I struggle to see the value added by this complexity:

  • Remain skeptical if you would get any meaningful performance boost from this, as this additional DHT lookup will be most likely more expensive than simply traversing the DAG to resolve path to a file while you are already connected to a peer that has the root CID.
  • Redirecting query params on HTTP gateway can be handled by simpler means, like a flat manifest file: #6214
  • Speeding up provider discovery can be implemented by publishing dnsaddr TXT record and making go-ipfs preconnect to multiaddrs as one of discovery methods for DNSLink names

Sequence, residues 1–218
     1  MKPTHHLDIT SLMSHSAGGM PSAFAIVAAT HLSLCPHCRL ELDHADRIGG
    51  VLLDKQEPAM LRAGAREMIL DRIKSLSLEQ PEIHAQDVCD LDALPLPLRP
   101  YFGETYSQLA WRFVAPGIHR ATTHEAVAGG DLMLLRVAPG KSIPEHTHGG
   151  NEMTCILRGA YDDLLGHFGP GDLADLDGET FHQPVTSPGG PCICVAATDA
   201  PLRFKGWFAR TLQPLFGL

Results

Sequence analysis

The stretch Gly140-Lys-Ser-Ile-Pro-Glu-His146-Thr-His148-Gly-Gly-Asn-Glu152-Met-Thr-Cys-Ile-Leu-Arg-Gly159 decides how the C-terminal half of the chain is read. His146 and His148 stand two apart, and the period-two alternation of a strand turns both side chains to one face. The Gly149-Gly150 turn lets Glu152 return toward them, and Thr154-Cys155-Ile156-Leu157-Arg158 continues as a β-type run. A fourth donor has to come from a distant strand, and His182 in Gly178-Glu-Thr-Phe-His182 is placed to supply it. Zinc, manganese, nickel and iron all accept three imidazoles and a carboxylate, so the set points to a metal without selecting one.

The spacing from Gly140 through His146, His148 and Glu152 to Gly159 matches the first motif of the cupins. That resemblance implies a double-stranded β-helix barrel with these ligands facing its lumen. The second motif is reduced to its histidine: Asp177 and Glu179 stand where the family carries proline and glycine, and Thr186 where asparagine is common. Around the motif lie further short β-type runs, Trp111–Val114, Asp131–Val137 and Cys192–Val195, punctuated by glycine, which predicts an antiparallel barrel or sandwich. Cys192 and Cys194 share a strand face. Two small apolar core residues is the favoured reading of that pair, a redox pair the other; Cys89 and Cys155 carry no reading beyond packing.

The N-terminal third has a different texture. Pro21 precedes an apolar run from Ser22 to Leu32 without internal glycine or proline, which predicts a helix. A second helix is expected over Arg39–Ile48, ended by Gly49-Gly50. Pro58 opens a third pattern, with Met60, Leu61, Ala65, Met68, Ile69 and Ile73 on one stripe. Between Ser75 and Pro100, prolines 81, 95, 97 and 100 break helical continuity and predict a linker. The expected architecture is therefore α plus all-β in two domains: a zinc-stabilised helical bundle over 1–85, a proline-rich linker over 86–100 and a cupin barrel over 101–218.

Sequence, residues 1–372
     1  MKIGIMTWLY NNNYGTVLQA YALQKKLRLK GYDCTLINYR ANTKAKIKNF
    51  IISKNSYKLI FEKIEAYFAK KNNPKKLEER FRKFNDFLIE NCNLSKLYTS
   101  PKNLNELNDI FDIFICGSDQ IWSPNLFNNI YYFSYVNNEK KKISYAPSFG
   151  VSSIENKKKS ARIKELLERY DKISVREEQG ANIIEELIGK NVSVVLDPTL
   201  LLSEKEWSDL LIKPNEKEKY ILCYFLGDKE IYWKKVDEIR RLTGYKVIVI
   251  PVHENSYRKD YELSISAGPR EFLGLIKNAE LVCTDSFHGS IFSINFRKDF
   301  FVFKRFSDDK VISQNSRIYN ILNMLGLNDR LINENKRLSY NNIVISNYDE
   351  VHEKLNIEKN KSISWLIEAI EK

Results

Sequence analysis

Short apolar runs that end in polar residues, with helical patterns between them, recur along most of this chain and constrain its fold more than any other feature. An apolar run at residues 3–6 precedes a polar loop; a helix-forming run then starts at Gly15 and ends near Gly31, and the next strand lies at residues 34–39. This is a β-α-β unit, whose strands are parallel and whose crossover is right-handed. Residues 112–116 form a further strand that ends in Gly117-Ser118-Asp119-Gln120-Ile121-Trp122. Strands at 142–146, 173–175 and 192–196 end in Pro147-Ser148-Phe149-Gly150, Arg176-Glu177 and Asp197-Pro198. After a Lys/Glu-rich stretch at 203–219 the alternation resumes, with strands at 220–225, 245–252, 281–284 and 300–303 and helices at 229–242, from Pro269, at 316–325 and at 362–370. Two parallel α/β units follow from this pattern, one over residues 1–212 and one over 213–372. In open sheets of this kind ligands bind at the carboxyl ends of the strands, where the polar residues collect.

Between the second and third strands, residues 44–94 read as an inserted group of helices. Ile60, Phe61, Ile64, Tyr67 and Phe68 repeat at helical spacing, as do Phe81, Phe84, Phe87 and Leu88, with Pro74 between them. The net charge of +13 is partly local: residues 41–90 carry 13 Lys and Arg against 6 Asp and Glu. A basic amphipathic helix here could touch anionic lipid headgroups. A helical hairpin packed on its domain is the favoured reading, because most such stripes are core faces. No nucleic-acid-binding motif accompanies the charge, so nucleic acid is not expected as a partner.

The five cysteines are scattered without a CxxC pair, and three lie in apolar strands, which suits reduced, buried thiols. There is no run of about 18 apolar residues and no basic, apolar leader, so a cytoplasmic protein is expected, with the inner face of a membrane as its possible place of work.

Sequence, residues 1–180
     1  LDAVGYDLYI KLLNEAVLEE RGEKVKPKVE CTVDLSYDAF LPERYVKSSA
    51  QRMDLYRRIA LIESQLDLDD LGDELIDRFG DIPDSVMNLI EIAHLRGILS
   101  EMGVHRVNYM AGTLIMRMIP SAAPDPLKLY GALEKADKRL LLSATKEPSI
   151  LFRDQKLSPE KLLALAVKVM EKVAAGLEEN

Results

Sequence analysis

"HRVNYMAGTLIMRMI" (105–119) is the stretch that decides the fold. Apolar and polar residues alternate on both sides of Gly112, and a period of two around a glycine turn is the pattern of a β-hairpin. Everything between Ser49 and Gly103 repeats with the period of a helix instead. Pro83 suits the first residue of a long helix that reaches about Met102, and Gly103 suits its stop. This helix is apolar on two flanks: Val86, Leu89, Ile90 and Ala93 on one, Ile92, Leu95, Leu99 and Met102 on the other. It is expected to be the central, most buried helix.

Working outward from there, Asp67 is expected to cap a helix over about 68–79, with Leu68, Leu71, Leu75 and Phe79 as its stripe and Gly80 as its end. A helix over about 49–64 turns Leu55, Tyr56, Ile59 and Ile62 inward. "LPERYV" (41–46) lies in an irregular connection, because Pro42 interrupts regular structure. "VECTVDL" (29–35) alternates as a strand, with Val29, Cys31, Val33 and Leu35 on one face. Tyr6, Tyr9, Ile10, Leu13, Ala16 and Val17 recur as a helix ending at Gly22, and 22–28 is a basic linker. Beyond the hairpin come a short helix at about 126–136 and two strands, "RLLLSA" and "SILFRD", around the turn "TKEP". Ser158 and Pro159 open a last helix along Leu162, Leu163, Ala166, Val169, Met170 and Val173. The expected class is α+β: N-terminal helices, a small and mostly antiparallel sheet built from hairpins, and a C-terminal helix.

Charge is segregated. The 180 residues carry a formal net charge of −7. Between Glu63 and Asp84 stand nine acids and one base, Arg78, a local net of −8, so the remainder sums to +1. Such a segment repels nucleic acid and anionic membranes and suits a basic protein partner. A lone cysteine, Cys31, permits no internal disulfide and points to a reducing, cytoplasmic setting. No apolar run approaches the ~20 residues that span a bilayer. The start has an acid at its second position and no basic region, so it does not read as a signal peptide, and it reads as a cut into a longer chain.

You could experiment with this URL2CID DHT idea in a separate project that acts as an HTTP proxy in front of go-ipfs and see if you can produce some benchmarks to prove me wrong.

I suspect we can do most of the things you mentioned via less complex means and existing DNSLink+dnsaddr :thinking:

I don’t think @RubenKelevra made any claims about performance improvements for his proposal.

I don’t think there was anything in the proposal about speeding up provider discovery either.

Hey guys,

just wanted to let you know that I want to deprecate this proposal. I’m currently working on a secondary version that focuses more on URIs than URLs.

@lidel I see the points in decreased performance, but on the other hand, you’ve not shown any way to convert an URL like this https://www.domain.tld/videos?id=332 into a CID.

Is there one?